The condition of the OBC’s needs re-consideration from another vantage point. The intoxication of religiosity has worked as an opium in the situation of OBC’s. The religious fanaticism has shifted the urgency for unity to another level. Mere the demand of reservation will only make the community a vote bank and the brokers will remain active to get the patronage. This patronage has a particular character. It reserves its right to choose when to offer the patronage and when to quit. The clients obligation to remain the tutelage of the patron guarantees the continuation of their patronage. Hindutva, the dominant ideology of our time, has the same character of utilizing the sub-caste divisions within the OBC’s and other marginalized caste groups for their own political requirements.

The recent step of increasing the creamy layer income up to Rs. 12, 00,000 and the inclusion of farm income and salary while deciding the creamy-layer are the steps towards making the OBC reservation, dysfunctional. Recently, in most of the Uttar Pradesh Public Service Commission exams, the cut-off of OBC has been higher than the unreserved category. Now, making income as a sole criteria of deciding the beneficiary of the OBC reservation will shackle the very foundation of the reservation. In its original form, the OBC reservation is decided on the basis of social, economic and educational backwardness. The recent step, along with its practical adversaries would dilute it from its original principal.

The formation of a new category, called EWS, has also prepared the ground for making the question of reservation and representation, dysfunctional. The formation of any new category needs a strong base to stand and without having any proper study, its logic remain null and void. The similar documentation of adverse situation and representational backwardness, was mandatory for the EWS, before getting an institutional character. However, government is more concerned to exhaust the strength of economic logic of reservation, essentialised through EWS quota. It is the way to strengthen the logic of income. The over-represented upper castes will ensure their entry from another route.  It will give birth to the new contestation between OBC and EWC. Take an example of recent invitation of application from Delhi University where the EWS category have been attached with SC/ST and they are entitled to pay the ‘entry fees’, equivalent to the SC/STs. However, the marginalised section of OBC is attached with the Unreserved category, where they have to pay equivalent to Unreserved category candidates.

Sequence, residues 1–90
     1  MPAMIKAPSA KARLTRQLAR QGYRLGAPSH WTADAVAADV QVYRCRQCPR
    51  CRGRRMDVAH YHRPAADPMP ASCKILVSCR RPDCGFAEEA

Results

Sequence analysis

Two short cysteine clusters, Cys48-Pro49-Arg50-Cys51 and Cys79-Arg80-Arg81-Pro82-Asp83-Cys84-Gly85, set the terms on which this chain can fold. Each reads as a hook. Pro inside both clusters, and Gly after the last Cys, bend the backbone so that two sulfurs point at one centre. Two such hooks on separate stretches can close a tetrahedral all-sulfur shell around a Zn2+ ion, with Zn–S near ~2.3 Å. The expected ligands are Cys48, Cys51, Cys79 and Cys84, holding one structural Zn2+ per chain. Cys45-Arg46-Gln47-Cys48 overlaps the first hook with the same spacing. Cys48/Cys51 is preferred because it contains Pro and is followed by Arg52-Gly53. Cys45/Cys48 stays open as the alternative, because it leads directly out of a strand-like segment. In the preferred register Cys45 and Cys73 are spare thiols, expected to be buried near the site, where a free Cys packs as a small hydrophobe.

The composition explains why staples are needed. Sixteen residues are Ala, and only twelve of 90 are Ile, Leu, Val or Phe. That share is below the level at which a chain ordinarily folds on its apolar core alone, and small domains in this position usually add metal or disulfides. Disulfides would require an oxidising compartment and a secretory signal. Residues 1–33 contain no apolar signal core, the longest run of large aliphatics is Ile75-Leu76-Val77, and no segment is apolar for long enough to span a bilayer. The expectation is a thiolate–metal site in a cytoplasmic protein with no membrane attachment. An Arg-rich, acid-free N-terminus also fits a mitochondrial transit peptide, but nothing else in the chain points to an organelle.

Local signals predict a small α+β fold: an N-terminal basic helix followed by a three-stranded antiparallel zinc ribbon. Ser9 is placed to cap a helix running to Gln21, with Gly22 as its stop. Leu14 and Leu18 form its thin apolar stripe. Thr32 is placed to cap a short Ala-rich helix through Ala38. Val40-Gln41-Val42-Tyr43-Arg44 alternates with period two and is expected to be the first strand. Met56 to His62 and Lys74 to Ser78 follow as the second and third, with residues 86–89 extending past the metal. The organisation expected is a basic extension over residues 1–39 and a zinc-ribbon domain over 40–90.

The intended/unintended formation of categories by state has rusticated the logic of equal opportunity and social justice, enshrined in the Indian constitution. There is another examples of underrepresentation and restrictions on the entry of OBC while paving the way for EWS. Babasaheb Bhimrao Ambedkar University (A central university), established under the act of Parliament, to ensure the educational upliftment of SC/STs. The university under a special provision, reserves the 50% seats in all courses for SC/ST’s. The other 50% is available for the Unreserved category. In an unprecedented move, the university has reserved the 10% seats in every course for the EWS category. Now, the remaining 40% seats will available for the open category where marginalized OBC has to compete with forward caste groups. Unfortunately, it is the case of minority institutions as well where apart from OBC, each category enjoys its share. The 10% EWS quota, based on the logic of income, completely overshadows the logic of representation. It is the turf of unparalleled competitors, where the socially and culturally well off, will remain victorious and further advance to another level. It is still beyond comprehension that who actually entitled government to supersede the Supreme Court imposed cap of 50% on the limitation of reservation.

The economic logic of reservation will quit the OBC’s out of game. It is hard to digest the understanding of government that there is no difference between OBC and EWC in terms of their economic capital, socio-cultural capital, and political representation.  The dubious side of this development is whether the OBC be able to advance themselves to tackle with the new emergent situation. Will they be capable to accumulate the economic capital which actually takes generations to build and be present in the competition? However, one must not overlook that the age old traditional restrictions on trade and occupation was stringent for the Sudras, the current OBC community. The different laborious skilled communities of OBC’s capitulated their traditional merit in the wake of rising importance of educational merit.

The recent sanguine entrants of the elite universities are hopeful for the positive results, in spite of not having a single professor belonging to the OBC category in any of the 40 central universities. Therefore, the state has to take the charge of eliminating the structural constraints. Equal opportunity must not remain a constitutional promise alone. Historicity has a major role in defining the present. The constitutional system is duty bound to take away the historical baggage of restriction, imposed on the ‘Sudras’. Only it will facilitate the anticipatory socialization of ‘Sudras’, as per the current requirements. Nevertheless, the economic logic of reservation is determined to overlook the historicity.

Arun Kumar Kushwaha  is working as a doctoral fellow at the Center for the Study of Social System, Jawaharlal Nehru University, New Delhi.